I don’t read reviews. I did read The New Yorker profile of me. I read it once at like three in the morning when it got posted online, with my partner. We read it out loud to each other because it was kind of an ordeal. The process of spending time with the journalist who wrote it, I grew totally love her. Reading it was kind of juicy, like, “Oh, let’s see what Ariel Levy actually said about us.” It’s intense spending days with somebody who’s really trying to understand who you are. Other than that, I haven’t read very much. I don’t read reviews, but you get a sense of what the common consciousness is when you go on tour and give readings and hear what the questions are for the audience. I got a sense of what the conversation was about the book.
Was there anything within that conversation that surprised you?
No, not really. What stands out to me is the absence of certain things. I thought so much about the art world and about art in general and had so much fun writing the satire of early 21st century New York art galleries and coming up with all the crazy art that was in this gallery. Also, the project the protagonist takes on with Ping Xi, this artist, was like such a hard element for me. It took me so many wrong turns to figure out that that’s what would have to happen. So for me, it’s a really big deal, but I think for other people, it maybe wasn’t such a major theme for them in their reading.
I noticed in some of the writing about this book that people couch their appreciation for your protagonist with a sense of guilt. A lot has been made about the sort of women you write—that they don’t behave the way people expect from depictions of women. I wonder what your relationship to that notion is. Are your motivations reactionary or matter of fact?
That’s a complicated subject. I have a big chip on my shoulder, basically, in a lot of areas when it comes to other people and what other people think. I have a tendency to just not want to participate in groupthink, period. I feel like there are certain things that, as a woman, are inextricable from the group experience of being a woman. Certainly, there’s overlap between what’s being spoken about in this wave of… I don’t know if you call it feminism or just, like, social politics. I didn’t feel like I was corresponding to that in any deliberate way. I felt like I was just really imaging the lives of these women and the irritation in limitation that they would experience. That’s kind of it.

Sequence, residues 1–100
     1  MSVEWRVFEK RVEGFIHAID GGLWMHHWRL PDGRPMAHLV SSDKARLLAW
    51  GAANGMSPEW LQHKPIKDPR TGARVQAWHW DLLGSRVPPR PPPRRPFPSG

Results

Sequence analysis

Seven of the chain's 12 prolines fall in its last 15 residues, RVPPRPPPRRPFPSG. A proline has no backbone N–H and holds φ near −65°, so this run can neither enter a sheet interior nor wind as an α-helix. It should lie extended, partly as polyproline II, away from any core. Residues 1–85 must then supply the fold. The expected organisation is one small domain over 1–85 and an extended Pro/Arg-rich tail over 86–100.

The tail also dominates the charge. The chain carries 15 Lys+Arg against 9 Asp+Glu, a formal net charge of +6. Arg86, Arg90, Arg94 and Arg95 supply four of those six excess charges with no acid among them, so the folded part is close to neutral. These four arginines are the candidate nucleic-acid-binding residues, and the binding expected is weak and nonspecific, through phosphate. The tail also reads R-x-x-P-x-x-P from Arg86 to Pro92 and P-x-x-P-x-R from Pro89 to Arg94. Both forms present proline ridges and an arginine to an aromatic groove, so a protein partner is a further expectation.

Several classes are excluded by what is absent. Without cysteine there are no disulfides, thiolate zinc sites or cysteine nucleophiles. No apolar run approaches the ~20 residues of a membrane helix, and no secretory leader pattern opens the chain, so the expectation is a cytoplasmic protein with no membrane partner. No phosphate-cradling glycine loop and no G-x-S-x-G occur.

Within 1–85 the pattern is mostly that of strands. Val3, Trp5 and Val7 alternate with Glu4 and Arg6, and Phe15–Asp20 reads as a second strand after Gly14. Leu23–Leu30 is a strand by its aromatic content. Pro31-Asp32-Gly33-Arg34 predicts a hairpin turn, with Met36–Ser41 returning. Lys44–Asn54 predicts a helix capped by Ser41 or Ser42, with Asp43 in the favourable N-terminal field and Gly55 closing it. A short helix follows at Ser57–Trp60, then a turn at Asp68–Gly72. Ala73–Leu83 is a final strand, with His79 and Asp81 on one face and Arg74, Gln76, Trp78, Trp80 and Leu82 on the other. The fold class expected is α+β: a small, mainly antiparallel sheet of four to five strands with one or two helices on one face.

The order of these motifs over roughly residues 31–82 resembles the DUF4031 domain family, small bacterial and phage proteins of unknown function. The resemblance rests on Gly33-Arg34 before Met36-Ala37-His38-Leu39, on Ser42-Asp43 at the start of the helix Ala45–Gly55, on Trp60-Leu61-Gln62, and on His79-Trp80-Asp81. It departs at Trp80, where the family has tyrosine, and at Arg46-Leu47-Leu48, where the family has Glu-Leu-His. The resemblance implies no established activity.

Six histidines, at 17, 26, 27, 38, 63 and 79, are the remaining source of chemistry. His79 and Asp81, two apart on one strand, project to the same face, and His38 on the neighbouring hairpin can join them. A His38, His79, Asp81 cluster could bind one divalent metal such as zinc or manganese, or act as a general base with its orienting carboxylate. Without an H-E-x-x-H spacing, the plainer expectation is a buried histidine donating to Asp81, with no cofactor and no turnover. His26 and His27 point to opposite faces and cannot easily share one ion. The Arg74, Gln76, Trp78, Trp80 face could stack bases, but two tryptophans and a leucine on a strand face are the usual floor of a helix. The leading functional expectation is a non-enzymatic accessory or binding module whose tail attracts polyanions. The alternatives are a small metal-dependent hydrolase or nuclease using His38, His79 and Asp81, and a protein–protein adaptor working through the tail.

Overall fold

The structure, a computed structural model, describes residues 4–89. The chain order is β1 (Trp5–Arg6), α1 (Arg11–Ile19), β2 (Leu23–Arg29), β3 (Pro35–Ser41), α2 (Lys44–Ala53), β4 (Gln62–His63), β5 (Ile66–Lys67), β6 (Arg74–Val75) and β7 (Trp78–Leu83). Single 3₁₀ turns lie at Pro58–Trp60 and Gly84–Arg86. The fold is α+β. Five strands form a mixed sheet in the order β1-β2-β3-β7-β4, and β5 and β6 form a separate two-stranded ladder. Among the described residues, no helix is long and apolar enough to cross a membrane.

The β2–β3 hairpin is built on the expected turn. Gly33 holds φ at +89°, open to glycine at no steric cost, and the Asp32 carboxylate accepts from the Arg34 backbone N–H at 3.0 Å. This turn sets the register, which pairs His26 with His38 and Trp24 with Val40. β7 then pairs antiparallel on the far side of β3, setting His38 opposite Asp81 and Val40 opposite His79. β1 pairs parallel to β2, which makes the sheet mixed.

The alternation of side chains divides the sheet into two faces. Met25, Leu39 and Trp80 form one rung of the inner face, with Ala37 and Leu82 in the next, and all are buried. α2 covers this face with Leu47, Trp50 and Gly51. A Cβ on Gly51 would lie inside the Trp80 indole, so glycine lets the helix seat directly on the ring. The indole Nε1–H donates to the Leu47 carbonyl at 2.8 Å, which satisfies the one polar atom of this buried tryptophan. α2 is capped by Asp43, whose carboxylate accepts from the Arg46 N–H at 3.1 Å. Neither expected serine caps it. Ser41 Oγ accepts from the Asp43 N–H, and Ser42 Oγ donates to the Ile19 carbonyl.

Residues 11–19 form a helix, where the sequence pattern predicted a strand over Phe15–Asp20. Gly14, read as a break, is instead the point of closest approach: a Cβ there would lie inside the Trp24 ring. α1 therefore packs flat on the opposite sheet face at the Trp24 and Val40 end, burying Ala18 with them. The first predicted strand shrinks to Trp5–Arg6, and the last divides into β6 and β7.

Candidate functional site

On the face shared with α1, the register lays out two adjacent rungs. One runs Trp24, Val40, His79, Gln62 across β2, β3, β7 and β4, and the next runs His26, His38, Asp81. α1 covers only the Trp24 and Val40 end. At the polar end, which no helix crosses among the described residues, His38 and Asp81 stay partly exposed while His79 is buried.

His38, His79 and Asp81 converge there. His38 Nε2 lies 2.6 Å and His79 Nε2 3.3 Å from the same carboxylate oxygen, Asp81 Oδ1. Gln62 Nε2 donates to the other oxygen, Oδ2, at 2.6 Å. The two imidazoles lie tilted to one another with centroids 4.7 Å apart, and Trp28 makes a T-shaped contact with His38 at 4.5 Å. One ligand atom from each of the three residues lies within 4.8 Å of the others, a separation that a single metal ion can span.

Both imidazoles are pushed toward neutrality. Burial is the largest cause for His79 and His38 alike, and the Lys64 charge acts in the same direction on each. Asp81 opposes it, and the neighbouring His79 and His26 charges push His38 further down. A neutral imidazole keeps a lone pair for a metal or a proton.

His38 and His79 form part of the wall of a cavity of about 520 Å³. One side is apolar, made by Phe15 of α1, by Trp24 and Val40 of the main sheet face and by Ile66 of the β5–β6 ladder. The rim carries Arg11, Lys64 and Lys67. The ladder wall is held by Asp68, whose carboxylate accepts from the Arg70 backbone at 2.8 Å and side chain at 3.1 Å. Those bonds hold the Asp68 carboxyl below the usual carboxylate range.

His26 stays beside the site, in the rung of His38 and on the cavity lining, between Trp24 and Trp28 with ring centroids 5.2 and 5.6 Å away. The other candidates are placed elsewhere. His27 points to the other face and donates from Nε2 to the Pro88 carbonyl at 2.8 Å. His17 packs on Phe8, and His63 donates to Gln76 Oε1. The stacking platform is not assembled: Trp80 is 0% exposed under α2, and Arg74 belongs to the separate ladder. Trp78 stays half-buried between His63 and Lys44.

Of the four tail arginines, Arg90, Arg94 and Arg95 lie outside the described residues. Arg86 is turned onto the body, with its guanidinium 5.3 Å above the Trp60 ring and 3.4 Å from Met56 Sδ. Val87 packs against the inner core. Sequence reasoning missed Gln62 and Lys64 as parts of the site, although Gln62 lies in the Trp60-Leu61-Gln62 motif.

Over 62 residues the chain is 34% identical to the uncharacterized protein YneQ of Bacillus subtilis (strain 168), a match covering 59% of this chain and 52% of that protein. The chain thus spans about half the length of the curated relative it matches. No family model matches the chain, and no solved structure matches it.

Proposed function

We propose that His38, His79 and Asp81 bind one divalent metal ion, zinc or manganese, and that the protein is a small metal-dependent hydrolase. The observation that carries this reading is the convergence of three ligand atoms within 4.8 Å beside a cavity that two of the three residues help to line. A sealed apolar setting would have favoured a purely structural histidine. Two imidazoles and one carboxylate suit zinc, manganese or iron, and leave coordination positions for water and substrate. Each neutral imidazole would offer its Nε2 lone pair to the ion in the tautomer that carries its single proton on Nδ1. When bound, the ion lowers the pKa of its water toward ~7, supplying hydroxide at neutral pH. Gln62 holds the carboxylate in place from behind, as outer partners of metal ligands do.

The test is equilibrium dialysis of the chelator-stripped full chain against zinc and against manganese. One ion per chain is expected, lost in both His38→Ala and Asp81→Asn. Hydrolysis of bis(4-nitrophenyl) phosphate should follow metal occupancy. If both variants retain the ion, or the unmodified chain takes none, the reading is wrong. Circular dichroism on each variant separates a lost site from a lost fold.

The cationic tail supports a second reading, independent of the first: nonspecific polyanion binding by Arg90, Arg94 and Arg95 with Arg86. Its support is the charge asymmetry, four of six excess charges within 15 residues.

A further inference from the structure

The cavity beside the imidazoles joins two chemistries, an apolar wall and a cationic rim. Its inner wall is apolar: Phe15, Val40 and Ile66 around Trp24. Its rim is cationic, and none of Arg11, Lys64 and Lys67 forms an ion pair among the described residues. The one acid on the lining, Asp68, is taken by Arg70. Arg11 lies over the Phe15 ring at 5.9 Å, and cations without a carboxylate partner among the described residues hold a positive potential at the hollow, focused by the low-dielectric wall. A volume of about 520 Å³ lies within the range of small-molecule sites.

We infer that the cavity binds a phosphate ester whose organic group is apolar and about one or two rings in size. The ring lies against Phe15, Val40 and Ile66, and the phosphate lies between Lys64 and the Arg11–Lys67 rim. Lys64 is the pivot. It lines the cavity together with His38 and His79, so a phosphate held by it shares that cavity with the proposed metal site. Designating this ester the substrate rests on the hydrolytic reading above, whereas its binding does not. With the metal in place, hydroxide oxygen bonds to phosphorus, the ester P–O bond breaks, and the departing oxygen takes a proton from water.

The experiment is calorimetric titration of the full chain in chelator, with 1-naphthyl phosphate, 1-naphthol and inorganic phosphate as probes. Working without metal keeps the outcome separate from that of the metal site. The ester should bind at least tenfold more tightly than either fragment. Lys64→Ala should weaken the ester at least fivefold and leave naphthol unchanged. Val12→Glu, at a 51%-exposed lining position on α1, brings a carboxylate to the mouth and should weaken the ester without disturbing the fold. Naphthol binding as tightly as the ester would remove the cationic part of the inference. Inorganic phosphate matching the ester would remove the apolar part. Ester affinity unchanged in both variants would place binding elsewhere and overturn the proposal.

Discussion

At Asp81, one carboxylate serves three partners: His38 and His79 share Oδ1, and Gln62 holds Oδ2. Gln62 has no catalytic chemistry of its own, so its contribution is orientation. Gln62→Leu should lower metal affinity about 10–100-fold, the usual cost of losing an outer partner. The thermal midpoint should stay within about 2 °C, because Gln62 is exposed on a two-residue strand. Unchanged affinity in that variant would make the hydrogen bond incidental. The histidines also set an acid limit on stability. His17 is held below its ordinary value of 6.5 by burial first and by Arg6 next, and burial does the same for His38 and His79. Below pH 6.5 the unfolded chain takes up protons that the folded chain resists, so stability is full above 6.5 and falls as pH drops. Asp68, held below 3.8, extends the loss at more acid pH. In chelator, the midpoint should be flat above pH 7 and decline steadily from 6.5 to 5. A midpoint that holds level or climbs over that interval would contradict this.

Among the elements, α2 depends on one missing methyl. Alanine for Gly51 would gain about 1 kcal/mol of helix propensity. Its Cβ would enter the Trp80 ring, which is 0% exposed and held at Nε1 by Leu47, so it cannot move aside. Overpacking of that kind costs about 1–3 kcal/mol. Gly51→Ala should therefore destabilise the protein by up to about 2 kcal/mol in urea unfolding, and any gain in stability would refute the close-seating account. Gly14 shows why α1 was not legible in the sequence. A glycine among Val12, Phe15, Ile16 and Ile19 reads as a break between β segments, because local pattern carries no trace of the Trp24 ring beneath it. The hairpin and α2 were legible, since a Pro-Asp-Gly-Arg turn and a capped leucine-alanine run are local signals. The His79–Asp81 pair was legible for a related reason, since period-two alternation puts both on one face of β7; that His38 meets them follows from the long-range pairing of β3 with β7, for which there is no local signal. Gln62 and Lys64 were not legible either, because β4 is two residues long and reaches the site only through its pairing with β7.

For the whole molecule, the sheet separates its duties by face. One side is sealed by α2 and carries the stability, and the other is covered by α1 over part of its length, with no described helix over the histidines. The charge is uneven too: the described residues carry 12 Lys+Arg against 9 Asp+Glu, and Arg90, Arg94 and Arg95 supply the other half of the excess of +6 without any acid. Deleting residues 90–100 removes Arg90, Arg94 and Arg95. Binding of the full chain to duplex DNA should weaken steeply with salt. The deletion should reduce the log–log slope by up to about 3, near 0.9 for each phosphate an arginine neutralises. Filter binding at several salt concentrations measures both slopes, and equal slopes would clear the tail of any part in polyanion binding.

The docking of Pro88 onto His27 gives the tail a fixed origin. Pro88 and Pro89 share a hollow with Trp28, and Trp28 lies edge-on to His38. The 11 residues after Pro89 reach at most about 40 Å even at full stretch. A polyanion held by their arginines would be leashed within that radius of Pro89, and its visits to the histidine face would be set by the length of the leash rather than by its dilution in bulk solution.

Would you spend time with the protagonist of My Year of Rest and Relaxation if she were a real person?
I don’t know if it would be a real nourishing friendship, but I have a feeling that in my darkness there would be a bond. I think I would maybe understand her too well. I don’t know if I’d want to spend a lot of time with someone so self-centered. I don’t know, I have a feeling that if I was friends with her, I’d find her intimidating. And that might be seductive.
Was the character at all informed by the image or writing of Cat Marnell? Even the physical description aligns, though Cat isn’t tall. Are you familiar with Cat?
She’s blonde and conventionally pretty and wrote a lot about her drug use. It’s interesting that there’s something zeitgeisty there if you aren’t aware of her.
I think that kind of attitude and lifestyle…it’s like a form of belligerence. The late ’90s and early ’00s were really ripe for that. It doesn’t surprise me that much that there’s a real-life person. But yeah, I don’t know who that is. I’m curious, I’ll look her up.
Cat’s a lot sweeter than your narrator. [I texted Cat earlier this year to ask if she had read the book. She told me she had not but was aware of it because a review of it that referenced her landed in her Google alerts. She also told me that she admired the book’s cover: “I would have killed for that font,” she wrote.] Were there other advantages to setting this in 2000-01?
Definitely. It feels like it was in some ways an age of the innocent for those who were rebellious. It was right when alternative was becoming mainstream. Coming out of the grunge period, which is when I realized I was an artist, and then watching mass culture appropriate everything that was counterculture. That was part of it. Also, there was an advantage of being free of all of the technology that’s developed since then and how difficult it is to be isolated now because of technology. She didn’t have a smartphone. She has a phone. I don’t know if it was a cell phone, I can’t remember.